My inspiration for this product was the puzzle bowls that are used to slow the feeding rates of dogs. I thought this would work, as it would slow the rate at which resources are distributed, as well as allow for more than one plant to be placed within the same containment unit without having to worry about their roots strangling each other.
- 3D printer
- Blueprints for a maze
- Plant pillows
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Step 1: Designing the Maze
The idea for the maze came for several different reasons. The first being that it would slow the rate at which plants got their resources. The second being that it would help control the direction of the growth of the roots, as well as allowing for multiple plants to be within the same holder without the risk of roots strangling each other.
The first step of designing the maze would be measuring the diameter of the plants' roots. This would allow for the width and height of the maze's walls to be customized to each plant to ensure the best growth for them. Next, a maze would be constructed in a circular pattern. Across the whole bottom of the maze would be NASA's plant pillows that are an agar that allows for the slow release of nutrients to a plant over a long period of time. Once the dirt and the plant were placed in, along with water. A membrane would be placed on top of the dirt and secured to ensure that nothing escaped from the containment unit. The unit itself would fit the standards.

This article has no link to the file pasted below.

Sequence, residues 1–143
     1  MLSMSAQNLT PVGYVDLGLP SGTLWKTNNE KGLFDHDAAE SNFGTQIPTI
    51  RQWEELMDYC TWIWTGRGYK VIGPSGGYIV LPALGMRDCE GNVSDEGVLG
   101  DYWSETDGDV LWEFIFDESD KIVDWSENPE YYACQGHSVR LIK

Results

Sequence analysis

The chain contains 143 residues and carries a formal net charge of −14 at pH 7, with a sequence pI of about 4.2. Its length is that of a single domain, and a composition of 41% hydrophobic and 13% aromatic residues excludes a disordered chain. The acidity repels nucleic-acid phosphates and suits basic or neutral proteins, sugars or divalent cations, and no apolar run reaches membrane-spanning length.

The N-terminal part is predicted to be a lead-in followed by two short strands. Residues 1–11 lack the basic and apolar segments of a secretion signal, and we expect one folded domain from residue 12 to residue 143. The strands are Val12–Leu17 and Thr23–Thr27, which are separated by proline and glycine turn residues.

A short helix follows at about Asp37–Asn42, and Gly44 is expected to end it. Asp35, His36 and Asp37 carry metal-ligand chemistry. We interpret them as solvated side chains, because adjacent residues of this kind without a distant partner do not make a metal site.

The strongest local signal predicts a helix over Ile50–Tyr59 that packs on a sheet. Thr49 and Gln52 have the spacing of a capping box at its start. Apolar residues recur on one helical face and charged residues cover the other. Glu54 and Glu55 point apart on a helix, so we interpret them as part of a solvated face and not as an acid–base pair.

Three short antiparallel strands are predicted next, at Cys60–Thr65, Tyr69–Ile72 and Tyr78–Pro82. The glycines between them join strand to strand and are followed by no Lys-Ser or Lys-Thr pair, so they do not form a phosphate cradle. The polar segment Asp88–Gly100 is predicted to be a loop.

Step 2: The Light
Each unit would have walls built around the maze. At the top of the walls would be a light that best suits the particular plant. Warm red lights for flowering plants, and cool blue for vegetative growth. The reason for each unit to have its own light, would be so that the plants do not grow into each other, but instead maintain an upward trajectory, so that they would not get entangled with each other, as they would in an open system.
This is an entry in the
Growing Beyond Earth Maker Contest